17. Marina

    I’m writing from Roma, Italy. During the last home birth I attended the baby was born limp and I had to perform resuscitation and chest massage,well I believe that what really made that baby to “decide” to live was his mother talking all the time to him and calling his name

  18. Anonymous

    I just wanted to say you warmed my heart with your post on providing contact for UC women.

    DH and I really love the idea of an UC and also recognize the skill and passion of midwives. It's hard feeling rejected not only by the medical community, but by midwives as well.

    Thankfully we found an amazing midwife who didn't bat an eye at our choices. If she wasn't underground, I would tell every woman I know about her.

  19. nat

    Hi everyone!
    I've really enjoyed reading this blog and will definitely keep an eye out for more info. I'm due in Feb with my 4th bub and my second homebirth. I think alot about this topic and i do believe i need to know more about newborn re sus. You can never have too much information. I'm a huge believer of mothers intuition but i am also aware of things that can evolve that we dont always expect. I'm also just writing to say thanks so much for sharing this information and i'll be looking into this topic more from now! xo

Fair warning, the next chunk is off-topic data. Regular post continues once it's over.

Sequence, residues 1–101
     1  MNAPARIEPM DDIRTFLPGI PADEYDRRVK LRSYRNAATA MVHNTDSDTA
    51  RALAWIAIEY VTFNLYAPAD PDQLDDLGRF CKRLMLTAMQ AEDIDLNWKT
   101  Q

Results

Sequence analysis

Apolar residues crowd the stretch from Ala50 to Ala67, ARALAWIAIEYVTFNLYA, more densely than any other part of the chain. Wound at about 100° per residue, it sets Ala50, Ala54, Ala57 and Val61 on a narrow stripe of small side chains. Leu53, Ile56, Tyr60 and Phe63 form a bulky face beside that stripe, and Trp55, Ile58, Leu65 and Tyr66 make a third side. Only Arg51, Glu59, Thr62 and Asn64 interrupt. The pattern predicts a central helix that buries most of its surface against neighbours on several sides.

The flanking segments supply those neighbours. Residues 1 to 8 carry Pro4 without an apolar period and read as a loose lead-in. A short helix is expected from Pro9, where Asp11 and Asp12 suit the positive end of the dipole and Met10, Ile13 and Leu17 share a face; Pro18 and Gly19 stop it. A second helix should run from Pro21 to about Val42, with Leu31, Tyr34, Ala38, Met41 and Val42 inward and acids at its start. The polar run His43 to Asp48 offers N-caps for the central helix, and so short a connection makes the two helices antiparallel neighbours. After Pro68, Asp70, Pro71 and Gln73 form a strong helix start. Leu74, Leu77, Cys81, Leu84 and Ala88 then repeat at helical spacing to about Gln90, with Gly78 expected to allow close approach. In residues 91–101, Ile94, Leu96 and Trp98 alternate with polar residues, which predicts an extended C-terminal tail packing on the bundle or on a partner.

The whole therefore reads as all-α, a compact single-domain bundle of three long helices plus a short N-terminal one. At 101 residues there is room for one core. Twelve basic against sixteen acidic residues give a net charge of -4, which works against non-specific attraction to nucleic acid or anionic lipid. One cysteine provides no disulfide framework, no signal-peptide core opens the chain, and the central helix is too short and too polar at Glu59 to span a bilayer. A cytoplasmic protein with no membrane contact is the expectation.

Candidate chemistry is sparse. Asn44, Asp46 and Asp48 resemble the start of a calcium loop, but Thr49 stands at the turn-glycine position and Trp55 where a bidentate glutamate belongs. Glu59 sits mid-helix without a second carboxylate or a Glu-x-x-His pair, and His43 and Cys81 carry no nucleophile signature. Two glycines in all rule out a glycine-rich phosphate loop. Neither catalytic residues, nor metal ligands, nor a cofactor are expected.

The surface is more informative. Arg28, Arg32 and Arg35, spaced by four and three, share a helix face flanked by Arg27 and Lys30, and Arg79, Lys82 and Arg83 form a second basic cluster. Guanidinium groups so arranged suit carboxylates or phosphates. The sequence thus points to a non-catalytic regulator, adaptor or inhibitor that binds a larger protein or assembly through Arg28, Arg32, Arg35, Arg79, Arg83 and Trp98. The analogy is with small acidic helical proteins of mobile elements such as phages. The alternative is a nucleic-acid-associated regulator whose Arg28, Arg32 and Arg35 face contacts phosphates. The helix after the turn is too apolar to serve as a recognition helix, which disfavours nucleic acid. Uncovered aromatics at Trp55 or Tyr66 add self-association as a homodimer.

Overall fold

20. Anonymous

    I just happened to stumble across your blog and found the pictures beautiful!

    I am a PICU nurse expecting my first baby in just a few short weeks (will be a home birth).

    Although I understand the benefits of not clamping the cord to resus, I would personally find it extremely difficult to resus a baby who is being held in his mom’s arms… So although not clamping may appear ideal, I would prefer a quick clamp and cut in order for the midwife to resus more efficiently (on a flat surface, good light etc…)

    But that’s just my out of my own resus experience, if some midwives can effectively resus as you’ve shown then why not…


    1. Kate

      Hi Ashley, given your experience and preference to clamp and cut, I would love it if given your profession and access to medical information if you would explore research on placental transfusion.
      My son had his cord cut BEFORE he was born because he presented with a nuchal cord and that was the ‘preference and experience’ of the medwife. Cord compression, then clamp (I thought I was being cut, i was on hands and knees and couldn’t see a thing), then cut, then ask me to quickly push out my 9lb10oz baby that was yet to rotate.